Apple is one of the biggest smartphone manufacturers in the world. Device sales account for most of Apple's revenue. However, in recent years, the company has expanded its focus.

The company now also focuses on higher-margin subscription services, including music and video streaming, gaming, news, and cloud storage. The upcoming launch of its new spatial computing headset, Vision Pro, could set off the transition to the next major computing platform.

4. Netflix

4. Netflix

Netflix is one of the first internet-born media companies. In 2007, it started shifting from a DVD-by-mail service to on-demand streaming and began investing in its own original content for the streaming service in 2012.

Today, Netflix is one of the biggest buyers of film and television productions worldwide, serving over 200 million global subscribers. While legacy media companies have launched their own streaming platforms, Netflix remains the clear leader in the industry.

5. Alphabet

5. Alphabet

Alphabet is a tech conglomerate primarily split between Google and its "other bets" segment. Although Google started as an internet search company, it's continued acquiring and developing consumer-facing products -- nine boasting more than 1 billion users each. Google also encompasses a growing cloud computing business and a relatively small hardware business.

The other bets segment includes Alphabet's moonshots, such as automated-vehicle business Waymo and health researcher Verily. Since OpenAI's ChatGPT launched, Alphabet has touted its own AI capabilities and introduced its own chatbot interface, Bard AI, staking its claim as a leader in artificial intelligence (AI).

6. Microsoft

6. Microsoft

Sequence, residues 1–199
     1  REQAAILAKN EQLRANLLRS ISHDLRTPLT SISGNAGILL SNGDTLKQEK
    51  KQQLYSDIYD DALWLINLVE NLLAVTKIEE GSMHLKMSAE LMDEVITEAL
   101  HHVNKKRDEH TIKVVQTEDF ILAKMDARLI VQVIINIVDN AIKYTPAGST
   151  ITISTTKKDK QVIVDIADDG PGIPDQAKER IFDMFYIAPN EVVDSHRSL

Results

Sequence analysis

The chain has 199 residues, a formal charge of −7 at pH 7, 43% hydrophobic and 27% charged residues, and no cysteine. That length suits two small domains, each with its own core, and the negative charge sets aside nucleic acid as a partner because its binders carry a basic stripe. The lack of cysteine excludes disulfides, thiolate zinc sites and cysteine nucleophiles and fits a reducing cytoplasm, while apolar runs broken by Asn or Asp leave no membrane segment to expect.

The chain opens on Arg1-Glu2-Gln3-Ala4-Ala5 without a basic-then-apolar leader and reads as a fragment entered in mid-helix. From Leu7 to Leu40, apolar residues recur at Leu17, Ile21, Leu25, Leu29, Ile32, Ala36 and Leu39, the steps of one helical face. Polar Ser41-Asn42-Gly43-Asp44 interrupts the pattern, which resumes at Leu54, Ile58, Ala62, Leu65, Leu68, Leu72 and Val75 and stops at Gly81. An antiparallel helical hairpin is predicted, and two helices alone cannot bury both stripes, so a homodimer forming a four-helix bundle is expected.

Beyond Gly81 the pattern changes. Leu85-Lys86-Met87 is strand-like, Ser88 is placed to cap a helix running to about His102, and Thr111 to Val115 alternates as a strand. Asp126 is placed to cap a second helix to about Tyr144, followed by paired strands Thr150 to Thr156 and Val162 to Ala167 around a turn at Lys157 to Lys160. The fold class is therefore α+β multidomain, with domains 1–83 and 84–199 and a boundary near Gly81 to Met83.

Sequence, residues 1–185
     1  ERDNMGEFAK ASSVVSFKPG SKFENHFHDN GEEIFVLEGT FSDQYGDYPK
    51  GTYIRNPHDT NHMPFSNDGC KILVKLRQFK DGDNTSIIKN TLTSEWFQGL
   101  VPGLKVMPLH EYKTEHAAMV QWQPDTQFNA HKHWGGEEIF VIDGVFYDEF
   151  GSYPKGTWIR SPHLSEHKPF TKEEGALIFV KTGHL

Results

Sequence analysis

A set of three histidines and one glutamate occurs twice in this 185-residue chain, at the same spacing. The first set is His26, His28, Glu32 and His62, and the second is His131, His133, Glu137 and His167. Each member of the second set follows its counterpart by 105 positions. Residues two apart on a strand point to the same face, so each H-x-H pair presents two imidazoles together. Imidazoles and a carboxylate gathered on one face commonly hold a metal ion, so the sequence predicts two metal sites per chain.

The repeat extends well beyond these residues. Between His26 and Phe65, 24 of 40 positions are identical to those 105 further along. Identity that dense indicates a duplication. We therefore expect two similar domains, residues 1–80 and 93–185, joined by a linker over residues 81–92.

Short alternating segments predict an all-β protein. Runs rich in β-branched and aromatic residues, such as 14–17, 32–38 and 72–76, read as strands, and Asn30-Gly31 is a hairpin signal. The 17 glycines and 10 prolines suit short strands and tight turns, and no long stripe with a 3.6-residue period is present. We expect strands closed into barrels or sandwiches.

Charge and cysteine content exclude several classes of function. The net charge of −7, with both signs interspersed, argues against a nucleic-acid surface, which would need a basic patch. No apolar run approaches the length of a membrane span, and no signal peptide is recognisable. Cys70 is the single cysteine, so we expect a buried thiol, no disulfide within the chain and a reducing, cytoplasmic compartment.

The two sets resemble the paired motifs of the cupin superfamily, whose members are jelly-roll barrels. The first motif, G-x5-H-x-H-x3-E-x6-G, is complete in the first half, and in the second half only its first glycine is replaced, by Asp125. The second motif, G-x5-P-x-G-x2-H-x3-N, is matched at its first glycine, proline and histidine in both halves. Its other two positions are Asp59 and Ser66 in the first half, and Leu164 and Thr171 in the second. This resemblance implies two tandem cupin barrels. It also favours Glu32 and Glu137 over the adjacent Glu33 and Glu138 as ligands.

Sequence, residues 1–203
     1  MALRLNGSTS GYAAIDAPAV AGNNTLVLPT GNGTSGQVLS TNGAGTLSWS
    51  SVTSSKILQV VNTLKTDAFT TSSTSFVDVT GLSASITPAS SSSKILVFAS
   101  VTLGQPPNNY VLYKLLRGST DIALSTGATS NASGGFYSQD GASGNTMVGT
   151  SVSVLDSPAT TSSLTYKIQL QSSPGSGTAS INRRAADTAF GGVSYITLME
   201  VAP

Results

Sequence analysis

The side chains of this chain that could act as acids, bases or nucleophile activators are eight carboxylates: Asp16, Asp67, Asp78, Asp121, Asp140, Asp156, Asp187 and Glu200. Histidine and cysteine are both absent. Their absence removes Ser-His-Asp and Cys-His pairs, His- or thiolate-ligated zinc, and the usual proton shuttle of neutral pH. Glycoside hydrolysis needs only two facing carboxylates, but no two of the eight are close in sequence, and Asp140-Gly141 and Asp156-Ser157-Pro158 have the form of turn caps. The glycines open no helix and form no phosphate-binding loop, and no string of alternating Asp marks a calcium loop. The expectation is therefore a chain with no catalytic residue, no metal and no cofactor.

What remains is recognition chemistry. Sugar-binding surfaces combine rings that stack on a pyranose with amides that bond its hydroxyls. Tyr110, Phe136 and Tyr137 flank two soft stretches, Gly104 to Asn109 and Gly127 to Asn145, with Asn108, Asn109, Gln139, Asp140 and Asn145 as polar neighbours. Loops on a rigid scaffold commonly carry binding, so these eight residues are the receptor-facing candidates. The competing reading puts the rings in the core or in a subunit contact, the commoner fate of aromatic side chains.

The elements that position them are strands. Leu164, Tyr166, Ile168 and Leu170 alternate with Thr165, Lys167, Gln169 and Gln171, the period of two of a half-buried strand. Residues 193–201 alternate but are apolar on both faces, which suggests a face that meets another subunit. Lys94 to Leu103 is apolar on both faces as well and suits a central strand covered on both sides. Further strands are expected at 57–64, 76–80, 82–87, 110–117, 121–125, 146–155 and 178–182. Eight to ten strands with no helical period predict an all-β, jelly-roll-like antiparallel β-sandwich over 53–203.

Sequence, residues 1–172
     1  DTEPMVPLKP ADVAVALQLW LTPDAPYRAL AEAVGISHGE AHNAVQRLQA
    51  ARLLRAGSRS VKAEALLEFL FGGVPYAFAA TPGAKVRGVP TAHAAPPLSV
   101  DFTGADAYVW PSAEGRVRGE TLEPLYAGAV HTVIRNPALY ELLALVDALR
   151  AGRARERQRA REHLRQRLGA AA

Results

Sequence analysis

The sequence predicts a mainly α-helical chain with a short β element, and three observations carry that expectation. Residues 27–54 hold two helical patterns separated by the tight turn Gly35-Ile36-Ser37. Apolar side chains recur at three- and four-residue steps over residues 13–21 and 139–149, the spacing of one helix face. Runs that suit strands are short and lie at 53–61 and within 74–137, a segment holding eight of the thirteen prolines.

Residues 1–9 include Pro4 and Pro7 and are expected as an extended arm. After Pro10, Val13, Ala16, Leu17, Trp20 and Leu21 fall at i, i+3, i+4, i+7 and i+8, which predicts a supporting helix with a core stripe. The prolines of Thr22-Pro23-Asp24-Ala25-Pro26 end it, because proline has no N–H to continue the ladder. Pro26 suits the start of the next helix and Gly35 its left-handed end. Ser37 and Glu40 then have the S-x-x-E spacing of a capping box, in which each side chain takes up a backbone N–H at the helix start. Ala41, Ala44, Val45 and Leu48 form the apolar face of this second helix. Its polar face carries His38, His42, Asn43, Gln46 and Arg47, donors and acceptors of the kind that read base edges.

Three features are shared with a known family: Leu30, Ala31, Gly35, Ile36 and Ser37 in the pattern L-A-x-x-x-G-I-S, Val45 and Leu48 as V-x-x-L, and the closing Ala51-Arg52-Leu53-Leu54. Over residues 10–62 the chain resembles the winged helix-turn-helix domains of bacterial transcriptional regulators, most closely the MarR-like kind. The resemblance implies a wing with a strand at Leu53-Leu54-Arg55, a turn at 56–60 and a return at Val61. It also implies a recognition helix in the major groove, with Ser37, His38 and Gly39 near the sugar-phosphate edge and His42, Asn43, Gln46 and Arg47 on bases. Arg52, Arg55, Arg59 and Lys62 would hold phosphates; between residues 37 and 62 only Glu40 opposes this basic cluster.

Microsoft started out by licensing its Windows operating system to PC manufacturers, but it's a much broader company 40 years later. Windows licensing sales are now dwarfed by its cloud computing operation, Azure, and its Office productivity suite.

The company also operates a gaming segment led by Xbox and Activision Blizzard and an advertising business across its search engine, web portal, and LinkedIn social network. Additionally, it has a relatively small consumer device segment.

Driven by its relationship with OpenAI, the company sees AI as the next major frontier and has invested significantly in new products like the AI-powered Bing.

Should I invest?

Are FAANG companies a good investment?

FAANG stocks have historically outperformed the S&P 500 index. Alphabet has been the worst performer of the bunch since June 2013, but it's still more than doubled the performance of the S&P 500. The strongest performer in that time has been Apple, up roughly 15-fold.

Data source: YCharts.
Stock/Index Total Return Since June 19, 2013
META 1,340%
AMZN 967%
AAPL 1,110%
NFLX 1,420%
GOOGL 521%
MSFT 961%
S&P 500 177%

The five FAANG companies combined account for approximately 20% of the S&P 500 and close to half of the Nasdaq-100 Index. Replacing Netflix with Microsoft bumps those percentages up to about 26% and 60%, respectively.